Brain freeze is nobody’s friend — and there’s no way we can slow down when it comes to eating ice cream, so it’s one of those necessary evils. The science of the whole painful experience has alluded us for a long time, but now researchers claim they’ve gotten to the bottom of it.
Brain freeze isn’t as hard to study as say, unpredictable migraines. Scientists can make brain freeze happen in their test subjects and then break it down to see what it’s all about. We’d like to think said subjects were paid well to go through such a horrid experience.
LiveScience says scientists were trying to get at migraines, and figured they might have stuff in common with brain freeze. So they had 13 volunteers sip ice water through a straw touching the roof of their mouth. When brain freeze hit, volunteers raised their hands and then raised them again when it went away.
The researchers monitored the blood flow through their brains using an ultrasoundlike process on the skull. They saw that increased blood flow to the brain through a blood vessel called the anterior cerebral artery, which is located in the middle of the brain behind the eyes. This increase in flow and resulting increase in size in this artery brought on the pain associated with brain freeze.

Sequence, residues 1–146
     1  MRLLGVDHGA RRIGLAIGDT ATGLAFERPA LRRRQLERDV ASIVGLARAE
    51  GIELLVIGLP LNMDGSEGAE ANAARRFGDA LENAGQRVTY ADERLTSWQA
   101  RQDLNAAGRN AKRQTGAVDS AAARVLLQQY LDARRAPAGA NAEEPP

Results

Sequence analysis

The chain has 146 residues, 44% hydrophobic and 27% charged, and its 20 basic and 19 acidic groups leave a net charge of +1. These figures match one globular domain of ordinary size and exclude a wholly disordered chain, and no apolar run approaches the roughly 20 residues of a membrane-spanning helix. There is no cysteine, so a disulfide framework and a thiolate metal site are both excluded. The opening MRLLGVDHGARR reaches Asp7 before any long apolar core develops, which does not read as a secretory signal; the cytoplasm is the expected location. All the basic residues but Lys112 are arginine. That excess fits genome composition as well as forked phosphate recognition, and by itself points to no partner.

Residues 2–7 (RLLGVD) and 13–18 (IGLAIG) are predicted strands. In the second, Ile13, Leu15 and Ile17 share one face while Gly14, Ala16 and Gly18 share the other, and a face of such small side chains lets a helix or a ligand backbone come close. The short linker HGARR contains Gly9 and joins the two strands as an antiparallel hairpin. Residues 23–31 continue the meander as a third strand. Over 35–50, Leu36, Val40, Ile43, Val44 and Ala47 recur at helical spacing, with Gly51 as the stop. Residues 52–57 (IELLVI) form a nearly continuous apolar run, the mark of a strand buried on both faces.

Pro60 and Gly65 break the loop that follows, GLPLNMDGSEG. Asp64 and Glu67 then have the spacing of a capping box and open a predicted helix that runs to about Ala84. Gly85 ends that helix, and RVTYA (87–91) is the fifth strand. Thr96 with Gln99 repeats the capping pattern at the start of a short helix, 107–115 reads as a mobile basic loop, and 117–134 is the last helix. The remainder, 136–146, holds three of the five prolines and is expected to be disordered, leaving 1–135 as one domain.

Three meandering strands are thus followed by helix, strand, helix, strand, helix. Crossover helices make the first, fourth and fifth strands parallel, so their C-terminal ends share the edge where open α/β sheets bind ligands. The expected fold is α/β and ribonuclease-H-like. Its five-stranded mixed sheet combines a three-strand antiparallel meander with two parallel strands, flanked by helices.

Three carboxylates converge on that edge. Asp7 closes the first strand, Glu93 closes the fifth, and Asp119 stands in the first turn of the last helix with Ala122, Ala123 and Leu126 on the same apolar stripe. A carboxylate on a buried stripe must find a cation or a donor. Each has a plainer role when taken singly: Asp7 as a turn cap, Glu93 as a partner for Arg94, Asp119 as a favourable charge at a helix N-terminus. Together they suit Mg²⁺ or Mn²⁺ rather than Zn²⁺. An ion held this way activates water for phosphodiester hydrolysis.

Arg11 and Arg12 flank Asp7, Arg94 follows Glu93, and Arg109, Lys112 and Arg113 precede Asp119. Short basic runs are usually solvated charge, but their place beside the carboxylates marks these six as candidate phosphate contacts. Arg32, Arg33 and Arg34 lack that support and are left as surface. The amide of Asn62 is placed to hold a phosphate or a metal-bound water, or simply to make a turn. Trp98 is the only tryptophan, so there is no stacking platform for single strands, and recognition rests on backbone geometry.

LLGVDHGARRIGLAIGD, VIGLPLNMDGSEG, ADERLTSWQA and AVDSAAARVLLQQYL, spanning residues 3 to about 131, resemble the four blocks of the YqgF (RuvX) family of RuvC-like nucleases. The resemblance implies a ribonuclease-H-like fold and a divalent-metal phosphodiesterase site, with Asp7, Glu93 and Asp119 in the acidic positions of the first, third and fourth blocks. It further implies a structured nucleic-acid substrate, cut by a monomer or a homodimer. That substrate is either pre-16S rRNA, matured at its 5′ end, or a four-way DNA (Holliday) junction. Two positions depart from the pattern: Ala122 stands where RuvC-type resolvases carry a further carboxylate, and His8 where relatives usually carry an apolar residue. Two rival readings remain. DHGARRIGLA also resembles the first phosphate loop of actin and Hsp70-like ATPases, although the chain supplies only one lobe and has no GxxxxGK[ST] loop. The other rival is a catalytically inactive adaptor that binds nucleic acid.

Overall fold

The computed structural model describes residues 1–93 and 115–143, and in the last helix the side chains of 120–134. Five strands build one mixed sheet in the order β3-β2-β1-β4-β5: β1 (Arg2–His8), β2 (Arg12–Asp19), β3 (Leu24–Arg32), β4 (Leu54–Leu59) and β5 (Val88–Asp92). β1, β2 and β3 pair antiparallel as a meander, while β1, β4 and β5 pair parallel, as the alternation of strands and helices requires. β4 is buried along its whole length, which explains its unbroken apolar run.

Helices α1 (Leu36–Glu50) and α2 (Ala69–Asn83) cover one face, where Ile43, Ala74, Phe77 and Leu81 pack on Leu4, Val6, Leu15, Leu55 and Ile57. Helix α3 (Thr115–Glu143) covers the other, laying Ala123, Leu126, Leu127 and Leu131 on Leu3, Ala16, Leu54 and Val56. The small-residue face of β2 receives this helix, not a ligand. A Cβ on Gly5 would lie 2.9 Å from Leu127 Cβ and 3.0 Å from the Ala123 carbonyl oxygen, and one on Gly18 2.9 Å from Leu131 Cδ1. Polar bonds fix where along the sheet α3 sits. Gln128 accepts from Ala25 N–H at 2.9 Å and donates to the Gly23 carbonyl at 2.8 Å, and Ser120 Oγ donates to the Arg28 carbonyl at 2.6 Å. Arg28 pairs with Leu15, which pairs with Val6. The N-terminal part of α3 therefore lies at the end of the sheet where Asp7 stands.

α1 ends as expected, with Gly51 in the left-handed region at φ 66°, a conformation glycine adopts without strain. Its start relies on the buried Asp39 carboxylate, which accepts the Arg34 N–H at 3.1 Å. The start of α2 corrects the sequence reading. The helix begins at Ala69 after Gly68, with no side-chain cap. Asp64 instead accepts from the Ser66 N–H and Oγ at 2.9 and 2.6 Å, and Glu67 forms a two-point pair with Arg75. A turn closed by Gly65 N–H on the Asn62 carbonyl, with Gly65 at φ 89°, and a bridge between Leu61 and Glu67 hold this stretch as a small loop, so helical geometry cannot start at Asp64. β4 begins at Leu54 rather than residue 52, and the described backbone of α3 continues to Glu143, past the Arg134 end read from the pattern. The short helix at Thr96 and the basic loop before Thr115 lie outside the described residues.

When the artery constricts, reining in the response to this increased flow, the pain disappears. The dilation, then quick constriction, of this blood vessel may be a type of self-defense for the brain, the researchers suggested.
The headache hits because all that blood can’t be cleared as quickly as it comes in, which might raise pressure inside your skull and cause pain.
So now that we know why it happens, we can think about how crazy science is while shoving ice cream down our throats. It’s not like there’s any way to avoid brain freeze if you’re bent on getting icy goodness into your body as quickly as possible. But migraines, if they do turn out to work the same way, could be treated with drugs that stop the blood vessels from opening up so quickly.
Cause of Brain Freeze Revealed [LiveScience]